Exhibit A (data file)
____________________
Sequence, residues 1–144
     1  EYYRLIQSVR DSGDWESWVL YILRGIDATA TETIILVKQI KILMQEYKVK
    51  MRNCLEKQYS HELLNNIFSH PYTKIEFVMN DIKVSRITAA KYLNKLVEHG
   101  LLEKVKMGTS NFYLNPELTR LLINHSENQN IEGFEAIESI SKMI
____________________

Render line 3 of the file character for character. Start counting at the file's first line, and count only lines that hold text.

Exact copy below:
    51  MRNCLEKQYS HELLNNIFSH PYTKIEFVMN DIKVSRITAA KYLNKLVEHG